One of the first things I learned about finance was to always pay my bills on time. It sounds obvious and easy to do, but is actually a little more complicated than most people think. At first, I was going through my mail every day, writing checks, and penciling in a date on the envelope about a week before the due date. On that date, I would put the bills in the mail. It was inefficient, costly and inaccurate, yet I still know many people who do it this way.
The Problems With The Traditional Method
One of the problems with having credit cards is that if you do pay them even one day late, the late payment fees and interest payments can go from zero to over a $100 in an instant. The credit card companies know this, and they do sneaky things like have the payment due on a day they are closed, such as a weekend or a holiday. Bills often arrive only two weeks before they are due, leaving you precious little time to send payment by mail. Incredibly, some banks have even been caught illegally charging late fees even when they received or even cashed them on time.
Fraudulent bank practices aside, there are several ways the traditional bill paying method can go wrong. You can forget to mail the bills on time. The post office can delay or lose your payment. You could be out of town on the day the bill is due to be placed in the mail.
How To Always Pay On Time While Saving Time and Money
For over a decade, I have done my banking with an Internet bank, one of the first to offer electronic bill payment services. It took me a little time to learn, but once I did, I couldn’t remember how I ever got along without it. Today, almost all banks that offer an electronic payment systems, usually one operated by a company called Check Free. When I direct my bank to pay a bill, I chose the date of payment and the amount that it gets paid. I just set it and forget it. There are several ways this saves me time and money. Obviously, I don’t have to purchase checks, or write them. I also don’t have to purchase stamps. Perhaps the best part is that the money stays in my interest checking account until the day it is paid. I am also guaranteed the payment is made on time, regardless of my travel plans or the vagaries of the US Postal Service. Finally, I can easily plan my finances weeks in advance, knowing how much I am paying and on exactly which date it will come out of my account. That is simply impossible when you are physically mailing checks around the country.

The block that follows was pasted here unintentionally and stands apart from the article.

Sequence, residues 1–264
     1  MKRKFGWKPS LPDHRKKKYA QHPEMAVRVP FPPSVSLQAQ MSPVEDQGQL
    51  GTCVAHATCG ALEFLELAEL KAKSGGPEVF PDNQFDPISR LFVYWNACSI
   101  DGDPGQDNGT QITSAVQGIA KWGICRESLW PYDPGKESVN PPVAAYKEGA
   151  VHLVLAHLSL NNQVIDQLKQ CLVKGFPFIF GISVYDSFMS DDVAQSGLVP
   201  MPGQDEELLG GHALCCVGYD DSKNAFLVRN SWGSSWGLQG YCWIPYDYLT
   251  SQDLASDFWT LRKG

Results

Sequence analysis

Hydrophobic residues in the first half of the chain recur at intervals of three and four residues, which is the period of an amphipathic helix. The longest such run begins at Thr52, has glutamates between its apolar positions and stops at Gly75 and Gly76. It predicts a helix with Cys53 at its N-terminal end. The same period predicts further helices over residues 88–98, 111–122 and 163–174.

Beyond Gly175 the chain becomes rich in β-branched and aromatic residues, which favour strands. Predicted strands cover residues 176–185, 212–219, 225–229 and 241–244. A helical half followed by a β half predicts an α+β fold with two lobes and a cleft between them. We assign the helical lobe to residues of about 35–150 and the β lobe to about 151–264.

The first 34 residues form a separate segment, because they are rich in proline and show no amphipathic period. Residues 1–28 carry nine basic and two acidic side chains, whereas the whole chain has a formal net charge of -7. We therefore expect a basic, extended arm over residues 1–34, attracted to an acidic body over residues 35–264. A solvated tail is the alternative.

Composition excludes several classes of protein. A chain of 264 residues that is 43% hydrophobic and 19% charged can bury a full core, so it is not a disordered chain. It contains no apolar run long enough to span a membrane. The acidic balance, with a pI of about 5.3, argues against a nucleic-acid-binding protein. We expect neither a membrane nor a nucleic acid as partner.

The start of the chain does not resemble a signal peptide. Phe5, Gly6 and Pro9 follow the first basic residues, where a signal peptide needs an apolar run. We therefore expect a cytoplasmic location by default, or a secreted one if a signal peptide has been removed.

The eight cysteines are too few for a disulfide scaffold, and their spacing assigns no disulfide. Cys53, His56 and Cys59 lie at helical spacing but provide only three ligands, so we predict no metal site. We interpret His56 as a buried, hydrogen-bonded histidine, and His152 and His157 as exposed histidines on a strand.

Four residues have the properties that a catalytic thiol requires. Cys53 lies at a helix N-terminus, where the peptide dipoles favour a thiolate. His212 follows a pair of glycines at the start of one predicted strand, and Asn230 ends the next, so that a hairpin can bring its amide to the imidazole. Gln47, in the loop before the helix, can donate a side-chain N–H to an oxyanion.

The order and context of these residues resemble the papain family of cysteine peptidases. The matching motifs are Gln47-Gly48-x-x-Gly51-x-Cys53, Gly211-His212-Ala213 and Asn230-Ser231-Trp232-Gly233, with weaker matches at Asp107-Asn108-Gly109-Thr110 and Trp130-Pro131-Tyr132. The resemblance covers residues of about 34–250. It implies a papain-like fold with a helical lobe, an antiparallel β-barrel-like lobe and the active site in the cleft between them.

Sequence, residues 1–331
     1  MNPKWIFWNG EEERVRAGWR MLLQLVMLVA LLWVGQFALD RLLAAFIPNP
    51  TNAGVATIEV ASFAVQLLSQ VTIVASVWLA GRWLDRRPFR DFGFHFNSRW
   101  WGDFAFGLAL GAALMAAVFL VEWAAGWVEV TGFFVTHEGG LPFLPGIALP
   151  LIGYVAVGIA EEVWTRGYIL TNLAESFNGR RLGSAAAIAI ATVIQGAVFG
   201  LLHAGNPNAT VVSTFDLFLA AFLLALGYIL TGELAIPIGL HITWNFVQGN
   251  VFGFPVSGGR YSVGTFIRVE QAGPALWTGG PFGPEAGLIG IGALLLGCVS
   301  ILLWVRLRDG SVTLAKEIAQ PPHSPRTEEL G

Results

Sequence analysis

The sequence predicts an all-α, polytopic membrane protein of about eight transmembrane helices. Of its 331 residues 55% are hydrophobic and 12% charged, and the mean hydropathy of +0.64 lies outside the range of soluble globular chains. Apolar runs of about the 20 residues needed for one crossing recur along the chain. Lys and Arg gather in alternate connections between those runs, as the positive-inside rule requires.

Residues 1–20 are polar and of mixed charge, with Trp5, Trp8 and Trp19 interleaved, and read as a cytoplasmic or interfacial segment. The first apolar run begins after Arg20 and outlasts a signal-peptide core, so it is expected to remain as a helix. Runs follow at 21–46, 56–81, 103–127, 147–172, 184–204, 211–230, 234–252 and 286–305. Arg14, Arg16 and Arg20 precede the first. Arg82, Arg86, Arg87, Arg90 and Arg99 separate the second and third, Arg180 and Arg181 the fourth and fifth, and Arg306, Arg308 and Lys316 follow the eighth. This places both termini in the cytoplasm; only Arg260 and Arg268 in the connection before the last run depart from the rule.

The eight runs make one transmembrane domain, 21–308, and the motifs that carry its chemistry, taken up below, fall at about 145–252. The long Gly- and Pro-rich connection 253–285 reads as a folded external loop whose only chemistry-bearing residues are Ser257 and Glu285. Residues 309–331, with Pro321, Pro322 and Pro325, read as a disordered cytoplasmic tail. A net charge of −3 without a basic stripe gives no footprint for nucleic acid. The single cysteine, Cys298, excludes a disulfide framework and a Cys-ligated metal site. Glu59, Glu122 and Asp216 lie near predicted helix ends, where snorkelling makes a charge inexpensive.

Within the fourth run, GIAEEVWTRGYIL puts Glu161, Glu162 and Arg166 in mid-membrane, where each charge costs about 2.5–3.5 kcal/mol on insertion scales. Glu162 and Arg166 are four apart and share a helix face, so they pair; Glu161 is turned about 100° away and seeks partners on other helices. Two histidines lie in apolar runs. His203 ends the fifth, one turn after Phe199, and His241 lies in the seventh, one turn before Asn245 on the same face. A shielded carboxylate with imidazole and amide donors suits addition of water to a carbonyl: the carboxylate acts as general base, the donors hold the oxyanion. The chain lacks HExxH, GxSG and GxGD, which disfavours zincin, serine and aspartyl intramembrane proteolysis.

Nobody Is Perfect
Unfortunately, no system has ever been created that is entirely foolproof. About once or twice a year, I get a bill that indicates that my payment was not made on time. I then go through my records online to see if I had scheduled the payment correctly. Most of the time, it turns out that I had made a data entry error in the date or amount of the payment. In that case, I am usually able to get the recipient to waive the the late fees as a courtesy. Occasionally, it turns out that the error was the fault of the bill payment system itself. Fortunately, they stand behind their product, and they either resolve the matter with the merchant, or credit me with a complete refund of interest and late fees.
How To Keep Errors To A Minimum
These days, every bank offers an online bill payment system. You can get to know your bank’s system by taking an online tutorial. It will take a few minutes, and will probably be somewhat boring, but the time is well spent learning its features and avoiding mistakes. To reduce your error rate, double check the account number and the address of the payee against your bills when you pay them. If you are paying a large bill, like one of those “12 months same as cash” financing offers, triple check it and pay it a week early.
Reap The Rewards
As we all know, reward cards should only be for people who pay their bills on time and in full every month. Only once I was confident that I had a quick and accurate way of ensuring bill payment, only then was I able to seriously consider the advanced reward maximization techniques that involve holding many different cards for different purposes.